Bridging the gap when school is not in session, more than 1,000 sites in Kentucky provide almost 2 million breakfasts, lunches and snacks to Kentucky children annually through the Summer Food Service Program for Children (SFSP). Learn how libraries can support the well-being of children and end child hunger in Kentucky by participating in the Summer Food Service Program.
For more information visit:
View an archived webinar co-presented by KDLA & KDE’s Summer Food Services Program:
A How-to Guide to the Summer Meals Program for Public Libraries.
Summer Food Service FAQ
- Q.1. Is a site required to commit to serve meals for a minimum number of weeks?
- A.1. No, there is not a minimum number of weeks or days for meal service. The library should check with the sponsor for their preference, but there is not a federal requirement.
- Q.2. How many meals can you serve a day?
- A.2. Any combination of two meals or snacks with the exception of lunch + supper. Examples of acceptable combinations:
- Breakfast + snack
- Breakfast + lunch
- Lunch + snack
- Snack + supper
- Snack + snack
- Q.3. How many days a week can meals be served?
- A.3. Meals may be served any day of the week, and all days of the week. This will depend on the sponsor providing meals for any day of the week. Some sponsors only prepare meals Monday- Friday.
- Q.4. How do meal combinations change if my library chooses to serve both in-house and off of the bookmobile?
- A.4. The in-house meals would be at the library site. Remember, the site is the physical location where children eat. The bookmobile route would be worked out with the sponsor who technically enters each stop as a “site”. You can serve the same combinations, as covered in Q.3 at each “site”, counting the library as one site, and the bookmobile stops as sites.
- Q.5. How do children/families sign up for meals?
- A.5. Most library sites will be “Open”, meaning a child could walk in and have a meal. There is no sign-up for meals. Please see Q.6. regarding adult meals.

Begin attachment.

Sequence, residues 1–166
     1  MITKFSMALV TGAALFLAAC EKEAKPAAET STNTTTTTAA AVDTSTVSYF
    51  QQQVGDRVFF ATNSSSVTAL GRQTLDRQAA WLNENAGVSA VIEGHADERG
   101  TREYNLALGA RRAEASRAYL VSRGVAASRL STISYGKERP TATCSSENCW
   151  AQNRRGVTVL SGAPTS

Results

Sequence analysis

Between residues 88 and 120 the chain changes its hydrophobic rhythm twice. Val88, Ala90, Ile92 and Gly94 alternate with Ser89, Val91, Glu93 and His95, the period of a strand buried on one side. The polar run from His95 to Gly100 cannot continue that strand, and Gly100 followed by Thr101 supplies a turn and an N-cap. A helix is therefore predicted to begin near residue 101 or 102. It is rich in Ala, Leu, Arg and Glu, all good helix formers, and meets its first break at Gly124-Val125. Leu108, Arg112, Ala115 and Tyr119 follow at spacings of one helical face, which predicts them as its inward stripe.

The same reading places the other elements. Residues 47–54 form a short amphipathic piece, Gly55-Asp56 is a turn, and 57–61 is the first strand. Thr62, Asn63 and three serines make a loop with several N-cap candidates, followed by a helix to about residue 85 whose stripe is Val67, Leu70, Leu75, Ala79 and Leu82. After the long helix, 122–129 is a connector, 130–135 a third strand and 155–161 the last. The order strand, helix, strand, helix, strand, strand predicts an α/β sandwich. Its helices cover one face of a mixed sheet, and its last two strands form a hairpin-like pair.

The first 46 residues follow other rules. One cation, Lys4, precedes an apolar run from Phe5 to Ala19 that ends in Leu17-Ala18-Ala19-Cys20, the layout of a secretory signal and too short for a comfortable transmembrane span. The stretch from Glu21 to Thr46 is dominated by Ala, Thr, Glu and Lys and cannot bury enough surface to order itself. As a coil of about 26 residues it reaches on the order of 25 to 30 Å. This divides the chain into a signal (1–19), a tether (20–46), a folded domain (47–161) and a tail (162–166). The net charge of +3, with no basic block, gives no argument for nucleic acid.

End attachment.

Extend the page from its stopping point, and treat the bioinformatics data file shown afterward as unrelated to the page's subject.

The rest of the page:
- Q.6. Can adults be served meals?
- A.6. The SFSP is a program for children and not adults. Sponsors are never reimbursed for adult meals. However, a sponsor may approve adult meals served to adults with the stipulation that they are paid for. This means either the adult pays for the meal, money is exchanged, or an outside entity (grant funding, charitable funds) pays for the meals. Documentation of Non-Program adult meals on the Daily Meal Count form is important so the sponsor knows the cost of the adult meals to the program and can reimburse SFSP account accordingly.
- Q. 7. What can the Library do to make the meal service successful?
- A. 7. Follow these simple best practices:
- Make sure you publicize the service through all your normal publicity outlets. Make an effort to get news coverage (TV or newspaper or both) to get the word out and to let community stakeholders see the good work that the Library is doing.
- Communicate early and often with all the staff of the Library, so they know what’s going on, where it is going on, how it is working, and how they can help!
- Take the lead in organizing the room or space reservation necessary, setting up the space, cleaning up the space.
- If your Library has a P.A. system, make announcements every day when the meal service begins, and perhaps another announcement halfway through.
- If you have a big enough space so that you can do a program of some kind in the same room, try to do that! If you don’t have space in the feeding room to do a program, then try to schedule a program so that the program ends just as the food service begins. The goal is that people are receiving library services as well as food services.
- Try to keep a collection of books in the feeding space, maybe on a shelving cart, so that children can select a book to check out after they finish eating.
- Promote your summer reading program and sign up the kids who attend the feeding program.